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TEST - Kraftwerk: Where to Start in Their Back Catalogue

Karl Bartos, Ralf Hutter, Wolfgang Flur and Florian Schneider of Kraftwerk, circa 1975
Maurice Seymour
/
Kraftwerk/Getty Images
Playful, romantic, melodic…Karl Bartos, Ralf Hutter, Wolfgang Flur and Florian Schneider of Kraftwerk, circa 1975.

From Autobahn to Trans-Europe Express…the electronic pioneers helped shape a new Germany and changed the history of pop.

While many of us worldwide are unable to experience live music during the coronavirus crisis, or even socialise as normal, we can still use streaming services. Now is the time to delve into that artist you’ve always wanted to check out more deeply – but where to start?

This week we’re starting a new series to run during the outbreak (and potentially beyond it) called Listener’s Digest, in which our writers guide you through the back catalogues of various musicians. These aren’t designed to be exhaustive or definitive, but helpful signposts to get you started in some of the world’s most exhilarating bodies of popular music. We kick off with Kraftwerk, and coming up in week one we will have Rihanna, the Fall, Alice Coltrane and Sleater-Kinney. We’ll include a 10-song primer playlist with each, in Spotify and Apple Music.

The album to start with

Computer World (1981)

TEST - Computer World (2009 Remaster)

Kraftwerk, who formed in 1970 in Düsseldorf and were a major force in making synths and drum machines the lingua franca of pop, dance and hip-hop, are often named alongside the Beatles as the world’s most important and influential groups. In a UK still guilty of stereotyping Germans as efficient and cool – and the group themselves slyly playing up to that – they are also often dismissed as a heritage act of eccentric boffins. But these reputations belie what is actually a playful, romantic, rapturously melodic body of work, exemplified perfectly by Computer World.

With only seven tracks – six really, with the title track in two parts – it is one of the greatest albums of pop melody ever. These tunes are so satisfyingly sturdy and logical – reminiscent of the ringtones and corporate sonic motifs that they helped to usher in – but also spectrally beautiful.

As a kind of concept album imagining, and indeed enacting, a digitally mediated future, there are moments of disquiet. Computer Love pre-empts the eerie contradictions of online dating; the title track coldly lists “Interpol and Deutsche Bank, FBI and Scotland Yard”, the lack of explanation hinting at the rampant subterfuge of the information age.

But it mostly acts as techno-evangelism. One track title announces It’s More Fun to Compute, like a bumper sticker; vocalist Ralf Hutter notes with childlike glee on Pocket Calculator, “by pressing down a special key it plays a little melody”. On Home Computer, he sounds like a dad unboxing his first PC: “I program my home computer / beam myself into the future”, he murmurs wondrously. The music, of course, is already there.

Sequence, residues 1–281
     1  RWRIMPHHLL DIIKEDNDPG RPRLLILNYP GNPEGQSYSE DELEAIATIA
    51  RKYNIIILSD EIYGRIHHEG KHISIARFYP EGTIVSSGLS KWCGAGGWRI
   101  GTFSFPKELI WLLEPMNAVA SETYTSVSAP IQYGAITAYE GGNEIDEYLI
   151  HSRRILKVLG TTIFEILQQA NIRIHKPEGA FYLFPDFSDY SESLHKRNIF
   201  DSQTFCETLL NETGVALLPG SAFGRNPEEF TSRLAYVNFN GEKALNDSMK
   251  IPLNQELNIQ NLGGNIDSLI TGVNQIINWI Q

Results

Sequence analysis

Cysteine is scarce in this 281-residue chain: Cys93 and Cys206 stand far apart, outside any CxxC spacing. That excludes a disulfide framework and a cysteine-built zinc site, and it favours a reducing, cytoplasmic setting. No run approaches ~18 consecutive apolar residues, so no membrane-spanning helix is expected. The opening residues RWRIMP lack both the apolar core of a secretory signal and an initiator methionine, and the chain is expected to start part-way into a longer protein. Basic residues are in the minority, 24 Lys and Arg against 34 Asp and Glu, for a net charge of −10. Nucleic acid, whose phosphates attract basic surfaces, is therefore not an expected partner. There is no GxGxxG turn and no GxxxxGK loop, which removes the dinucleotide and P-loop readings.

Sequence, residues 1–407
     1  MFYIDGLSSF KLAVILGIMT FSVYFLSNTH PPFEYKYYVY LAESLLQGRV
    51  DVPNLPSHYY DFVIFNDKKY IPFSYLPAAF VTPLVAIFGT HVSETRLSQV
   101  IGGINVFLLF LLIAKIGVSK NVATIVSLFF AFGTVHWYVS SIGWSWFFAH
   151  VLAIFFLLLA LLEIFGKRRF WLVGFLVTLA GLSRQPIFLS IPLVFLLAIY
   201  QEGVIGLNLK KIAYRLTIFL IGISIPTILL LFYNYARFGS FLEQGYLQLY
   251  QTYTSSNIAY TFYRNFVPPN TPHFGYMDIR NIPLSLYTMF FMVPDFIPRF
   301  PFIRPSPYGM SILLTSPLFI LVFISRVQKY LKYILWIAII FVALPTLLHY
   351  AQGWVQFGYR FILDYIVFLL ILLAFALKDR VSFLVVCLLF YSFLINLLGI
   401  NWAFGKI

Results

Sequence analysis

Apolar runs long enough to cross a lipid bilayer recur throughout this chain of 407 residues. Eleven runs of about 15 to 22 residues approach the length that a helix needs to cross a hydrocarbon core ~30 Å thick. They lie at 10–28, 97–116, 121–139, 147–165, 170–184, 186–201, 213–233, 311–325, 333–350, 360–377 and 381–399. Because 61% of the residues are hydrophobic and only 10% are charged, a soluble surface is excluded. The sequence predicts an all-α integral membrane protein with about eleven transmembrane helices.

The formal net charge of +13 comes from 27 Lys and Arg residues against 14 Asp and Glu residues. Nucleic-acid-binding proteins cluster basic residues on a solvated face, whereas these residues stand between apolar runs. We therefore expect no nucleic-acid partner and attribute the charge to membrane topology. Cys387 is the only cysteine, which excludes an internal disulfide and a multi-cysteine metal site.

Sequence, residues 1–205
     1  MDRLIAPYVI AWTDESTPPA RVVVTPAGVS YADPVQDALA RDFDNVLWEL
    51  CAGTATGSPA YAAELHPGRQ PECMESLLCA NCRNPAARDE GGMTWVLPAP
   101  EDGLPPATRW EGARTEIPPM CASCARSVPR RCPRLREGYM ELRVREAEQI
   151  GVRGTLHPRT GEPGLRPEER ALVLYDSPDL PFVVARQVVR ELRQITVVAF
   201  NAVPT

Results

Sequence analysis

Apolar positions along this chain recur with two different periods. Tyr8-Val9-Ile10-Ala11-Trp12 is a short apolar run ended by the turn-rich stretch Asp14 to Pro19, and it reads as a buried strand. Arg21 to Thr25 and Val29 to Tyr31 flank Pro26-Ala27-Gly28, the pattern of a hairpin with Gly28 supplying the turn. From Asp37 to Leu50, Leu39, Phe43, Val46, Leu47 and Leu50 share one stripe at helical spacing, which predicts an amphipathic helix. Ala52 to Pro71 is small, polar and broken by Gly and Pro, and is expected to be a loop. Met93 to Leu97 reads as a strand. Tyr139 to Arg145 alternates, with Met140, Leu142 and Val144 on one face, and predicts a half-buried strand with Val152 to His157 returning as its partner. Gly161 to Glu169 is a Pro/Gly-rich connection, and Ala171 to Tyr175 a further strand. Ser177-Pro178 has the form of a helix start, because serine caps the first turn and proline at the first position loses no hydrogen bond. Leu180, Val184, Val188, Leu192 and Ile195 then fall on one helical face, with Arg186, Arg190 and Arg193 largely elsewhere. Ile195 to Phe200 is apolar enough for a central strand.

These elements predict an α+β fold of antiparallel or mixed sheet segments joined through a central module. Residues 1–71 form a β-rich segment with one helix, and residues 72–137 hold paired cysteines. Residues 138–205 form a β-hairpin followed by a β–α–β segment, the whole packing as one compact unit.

The three albums to check out next

Trans-Europe Express (1977)

Test - Trans Europe Express (2009 Remastered Version)

Listening to this album post-Brexit is deeply poignant. The opening track, Europe Endless, like their first hit Autobahn, evokes a freedom of movement that was then so deeply cherished after the second world war. The title track (plus its clattering counterparts Metal on Metal and Abzug) celebrates the unstoppable force of cross-continental rail travel, though its sterner mien hints at noirish escapades. Elsewhere there is psychological horror, done in pure pop (Showroom Dummies) and drifting ambient (The Hall of Mirrors). Again, the melodies have a purity that harks back to the classical era of Franz Schubert, namechecked here.

The Man Machine (1978)

TEST - The Robots (2009 Remastered Version)

If they were previously Showroom Dummies coming to life, now they were The Robots, “dancing mechanik”: an announcement of their growing sophistication. Just as on Computer World and Radio-Activity (1975) – which found communication and nuclear technologies both fascinating and troubling – the tension is in their simultaneous enthusiasm and wariness of technology. The Robots’ promise – “We are programmed just to do / anything you want us to” – feels like a malevolently taunting lie, but Spacelab and Neon Lights are beautifully benign. The Model, meanwhile, suggests that there is only melancholy to be found in flesh and blood.

Tour de France Soundtracks (2003)

Test - Tour De France (2009 Remaster)

One of Kraftwerk’s greatest triumphs is to move with the times, keeping their Kling Klang studio updated rather than becoming a nostalgic analogue synth museum. They returned 17 years after their previous album for this ode to their beloved Tour de France, rendered in sparkling digital sound. Any paranoia has disappeared entirely: the whole album whirrs with happy industry, and a wonder in the blend of science, topography and physical effort that makes up the Tour.

One for the heads

Dentaku (taken from Minimum-Maximum, 2005)

TEST - Dentaku (Live)

Kraftwerk have spent the post-Tour years touring themselves, with a superb 3D setup for the greatest hits. This recording from first live album Minimum-Maximum sees them play Dentaku – a higher-tempo, Japanese-language version of Pocket Calculator – to an adoring Tokyo crowd. Their chanting along with Hutter, whose composure cracks into audible glee, is one of the most powerfully human moments in the whole catalogue.

The primer playlist